Now in the city of Rome lived a wealthy, charitable, and God-fearing Jew who had an only daughter. One day he traveled to this academy to look for a husband for her, saw the young man, was impressed by everything about him, and chose him for his son-in-law. (The youngster did not reveal that he hailed from Vilna, simply saying that he came from far away). And so the student married the young lady and was soon a favorite of Rome, for no Jewish youth in the city could compare to him. His father-in-law and mother-in-law doted on him and loved him greatly, though he and their daughter had no children.

Thus, the bridegroom lived in Rome for several years, until one day the rabbi of Vilna, who was traveling from place to place to raise funds for the ransoming of Jewish captives taken by the Turks, arrived in the city. While staying there, he visited several synagogues and gave some wondrously learned sermons -- with each of which, however, the young Talmudist successfully disputed. Finally, on a Sabbath eve, the rabbi prepared a talmudic proof so brilliant that he was sure it was irrefutable; yet when he preached it the next day, he was once again outdebated by his young opponent and, indeed, thoroughly mortified. Needless to say, he had no idea who the young man was.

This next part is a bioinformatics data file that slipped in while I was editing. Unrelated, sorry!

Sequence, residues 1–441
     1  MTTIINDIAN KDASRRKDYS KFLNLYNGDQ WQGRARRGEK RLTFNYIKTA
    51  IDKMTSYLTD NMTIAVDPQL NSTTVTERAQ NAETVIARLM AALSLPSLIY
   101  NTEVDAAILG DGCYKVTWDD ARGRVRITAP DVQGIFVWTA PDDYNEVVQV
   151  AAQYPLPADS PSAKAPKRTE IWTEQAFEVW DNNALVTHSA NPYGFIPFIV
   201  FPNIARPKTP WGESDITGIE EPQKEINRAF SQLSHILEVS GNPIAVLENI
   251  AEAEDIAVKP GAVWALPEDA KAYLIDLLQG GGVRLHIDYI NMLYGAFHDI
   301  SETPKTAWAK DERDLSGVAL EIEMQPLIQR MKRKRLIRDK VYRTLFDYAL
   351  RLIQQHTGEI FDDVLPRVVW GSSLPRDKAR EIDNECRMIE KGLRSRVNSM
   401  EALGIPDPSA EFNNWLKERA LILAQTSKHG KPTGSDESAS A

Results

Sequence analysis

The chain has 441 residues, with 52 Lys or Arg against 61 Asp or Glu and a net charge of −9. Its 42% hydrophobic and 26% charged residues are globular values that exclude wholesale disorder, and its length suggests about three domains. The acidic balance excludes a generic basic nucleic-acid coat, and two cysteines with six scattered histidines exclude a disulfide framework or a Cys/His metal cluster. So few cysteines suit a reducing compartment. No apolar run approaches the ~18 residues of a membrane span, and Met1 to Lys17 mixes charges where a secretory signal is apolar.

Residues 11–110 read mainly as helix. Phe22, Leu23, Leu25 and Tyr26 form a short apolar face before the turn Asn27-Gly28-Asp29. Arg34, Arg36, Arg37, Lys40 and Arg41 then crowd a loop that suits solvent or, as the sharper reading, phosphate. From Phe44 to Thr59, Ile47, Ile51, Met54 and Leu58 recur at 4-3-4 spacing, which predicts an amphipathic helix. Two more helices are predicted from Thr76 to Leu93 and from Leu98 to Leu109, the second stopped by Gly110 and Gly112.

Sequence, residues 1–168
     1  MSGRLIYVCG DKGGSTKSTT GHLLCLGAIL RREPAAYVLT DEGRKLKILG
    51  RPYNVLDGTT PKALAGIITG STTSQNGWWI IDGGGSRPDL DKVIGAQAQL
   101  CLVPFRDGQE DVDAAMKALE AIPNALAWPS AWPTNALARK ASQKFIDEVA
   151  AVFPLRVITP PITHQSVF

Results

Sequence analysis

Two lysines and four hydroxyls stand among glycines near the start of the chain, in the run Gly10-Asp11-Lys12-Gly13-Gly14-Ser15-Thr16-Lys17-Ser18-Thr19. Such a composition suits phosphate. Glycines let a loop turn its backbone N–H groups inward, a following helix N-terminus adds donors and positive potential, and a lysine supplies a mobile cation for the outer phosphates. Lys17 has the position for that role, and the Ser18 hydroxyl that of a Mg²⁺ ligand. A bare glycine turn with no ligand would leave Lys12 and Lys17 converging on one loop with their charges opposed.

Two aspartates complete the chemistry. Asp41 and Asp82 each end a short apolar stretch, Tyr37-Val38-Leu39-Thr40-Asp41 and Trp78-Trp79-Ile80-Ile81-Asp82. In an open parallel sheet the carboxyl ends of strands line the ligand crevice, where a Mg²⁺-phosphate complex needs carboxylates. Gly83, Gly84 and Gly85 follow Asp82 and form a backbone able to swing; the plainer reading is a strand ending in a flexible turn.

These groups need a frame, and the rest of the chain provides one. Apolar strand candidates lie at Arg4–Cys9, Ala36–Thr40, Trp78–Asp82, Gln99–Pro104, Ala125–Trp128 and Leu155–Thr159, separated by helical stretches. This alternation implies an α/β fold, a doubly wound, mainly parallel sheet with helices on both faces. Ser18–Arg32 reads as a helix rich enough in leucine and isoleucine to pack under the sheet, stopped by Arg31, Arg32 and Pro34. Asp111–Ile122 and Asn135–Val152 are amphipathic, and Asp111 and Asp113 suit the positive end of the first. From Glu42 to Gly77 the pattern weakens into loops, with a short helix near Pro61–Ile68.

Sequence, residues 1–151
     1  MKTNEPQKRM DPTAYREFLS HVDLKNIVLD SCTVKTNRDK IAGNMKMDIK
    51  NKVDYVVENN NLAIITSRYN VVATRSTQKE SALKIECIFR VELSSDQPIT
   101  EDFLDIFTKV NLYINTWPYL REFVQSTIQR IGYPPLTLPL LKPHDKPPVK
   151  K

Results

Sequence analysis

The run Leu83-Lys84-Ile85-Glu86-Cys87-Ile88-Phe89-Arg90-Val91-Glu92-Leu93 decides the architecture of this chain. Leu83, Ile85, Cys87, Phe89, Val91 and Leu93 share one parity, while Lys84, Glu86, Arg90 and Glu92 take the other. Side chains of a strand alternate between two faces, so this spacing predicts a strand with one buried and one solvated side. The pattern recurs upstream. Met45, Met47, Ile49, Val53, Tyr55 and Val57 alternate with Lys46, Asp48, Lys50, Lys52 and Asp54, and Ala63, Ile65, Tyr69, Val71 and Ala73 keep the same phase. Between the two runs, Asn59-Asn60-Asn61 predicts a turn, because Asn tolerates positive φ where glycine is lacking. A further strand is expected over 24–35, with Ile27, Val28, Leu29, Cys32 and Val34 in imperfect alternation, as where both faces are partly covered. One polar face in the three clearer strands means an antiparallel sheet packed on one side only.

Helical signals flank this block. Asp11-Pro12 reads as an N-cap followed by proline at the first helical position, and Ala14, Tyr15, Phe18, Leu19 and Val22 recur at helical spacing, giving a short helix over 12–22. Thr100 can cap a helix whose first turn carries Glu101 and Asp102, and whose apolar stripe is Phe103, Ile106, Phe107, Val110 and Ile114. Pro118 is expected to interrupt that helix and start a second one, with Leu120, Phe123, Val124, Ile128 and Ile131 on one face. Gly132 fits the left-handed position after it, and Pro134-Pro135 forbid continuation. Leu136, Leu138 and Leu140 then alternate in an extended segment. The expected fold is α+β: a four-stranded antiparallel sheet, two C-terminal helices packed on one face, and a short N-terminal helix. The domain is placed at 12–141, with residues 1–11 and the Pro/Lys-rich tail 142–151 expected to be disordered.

That Sunday morning, the rabbi set about collecting for his fund. When he came to the rich Jew's house for a contribution, the latter asked him to stay in Rome another week: if , said the man, he would agree to be his guest and continue his debates with his son-in-law, he would be most generously rewarded. The rabbi consented and spent this week too dueling with his young rival -- who again won every bout.

That Saturday evening, when the week was up, the rabbi took a last look at the youngster, noticed the scar on his ear, and realized who he was. At once he took the boy's father-in-law aside and told him the whole story, after which he received his promised contribution and left town. So great were the rich Jew's grief and anxiety, however, that he soon fell ill and took to his bed, and when his son-in-law came to pay a sick call, he told him what the rabbi had said, namely, that he was a bastard and sterile. The young man was so shattered that he agreed on the spot to give his wife a divorce.